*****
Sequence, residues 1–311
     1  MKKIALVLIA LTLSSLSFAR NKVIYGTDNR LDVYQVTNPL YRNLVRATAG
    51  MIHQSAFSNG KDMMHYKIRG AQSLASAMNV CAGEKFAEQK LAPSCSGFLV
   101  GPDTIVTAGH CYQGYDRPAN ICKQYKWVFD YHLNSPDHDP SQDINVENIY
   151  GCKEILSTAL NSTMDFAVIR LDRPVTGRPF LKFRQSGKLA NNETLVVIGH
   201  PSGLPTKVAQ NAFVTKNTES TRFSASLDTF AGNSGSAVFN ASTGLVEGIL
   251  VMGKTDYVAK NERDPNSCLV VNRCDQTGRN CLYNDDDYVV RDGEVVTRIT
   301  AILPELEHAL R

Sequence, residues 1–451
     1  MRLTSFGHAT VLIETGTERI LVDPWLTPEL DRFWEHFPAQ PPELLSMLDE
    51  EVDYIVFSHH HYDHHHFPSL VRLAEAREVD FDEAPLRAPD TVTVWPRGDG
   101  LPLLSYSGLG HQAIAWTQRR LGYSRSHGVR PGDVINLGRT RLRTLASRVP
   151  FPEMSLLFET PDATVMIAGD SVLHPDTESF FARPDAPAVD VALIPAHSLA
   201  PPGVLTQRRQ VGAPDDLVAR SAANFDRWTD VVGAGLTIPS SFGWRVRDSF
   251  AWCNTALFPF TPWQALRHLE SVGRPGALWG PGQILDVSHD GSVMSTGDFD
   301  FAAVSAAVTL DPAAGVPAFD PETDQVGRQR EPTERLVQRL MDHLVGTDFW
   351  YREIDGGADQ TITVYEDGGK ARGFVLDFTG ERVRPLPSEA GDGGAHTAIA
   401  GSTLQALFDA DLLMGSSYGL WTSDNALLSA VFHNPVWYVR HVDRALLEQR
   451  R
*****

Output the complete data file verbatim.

Sequence, residues 1–311
     1  MKKIALVLIA LTLSSLSFAR NKVIYGTDNR LDVYQVTNPL YRNLVRATAG
    51  MIHQSAFSNG KDMMHYKIRG AQSLASAMNV CAGEKFAEQK LAPSCSGFLV
   101  GPDTIVTAGH CYQGYDRPAN ICKQYKWVFD YHLNSPDHDP SQDINVENIY
   151  GCKEILSTAL NSTMDFAVIR LDRPVTGRPF LKFRQSGKLA NNETLVVIGH
   201  PSGLPTKVAQ NAFVTKNTES TRFSASLDTF AGNSGSAVFN ASTGLVEGIL
   251  VMGKTDYVAK NERDPNSCLV VNRCDQTGRN CLYNDDDYVV RDGEVVTRIT
   301  AILPELEHAL R

Sequence, residues 1–451
     1  MRLTSFGHAT VLIETGTERI LVDPWLTPEL DRFWEHFPAQ PPELLSMLDE
    51  EVDYIVFSHH HYDHHHFPSL VRLAEAREVD FDEAPLRAPD TVTVWPRGDG
   101  LPLLSYSGLG HQAIAWTQRR LGYSRSHGVR PGDVINLGRT RLRTLASRVP
   151  FPEMSLLFET PDATVMIAGD SVLHPDTESF FARPDAPAVD VALIPAHSLA
   201  PPGVLTQRRQ VGAPDDLVAR SAANFDRWTD VVGAGLTIPS SFGWRVRDSF
   251  AWCNTALFPF TPWQALRHLE SVGRPGALWG PGQILDVSHD GSVMSTGDFD
   301  FAAVSAAVTL DPAAGVPAFD PETDQVGRQR EPTERLVQRL MDHLVGTDFW
   351  YREIDGGADQ TITVYEDGGK ARGFVLDFTG ERVRPLPSEA GDGGAHTAIA
   401  GSTLQALFDA DLLMGSSYGL WTSDNALLSA VFHNPVWYVR HVDRALLEQR
   451  R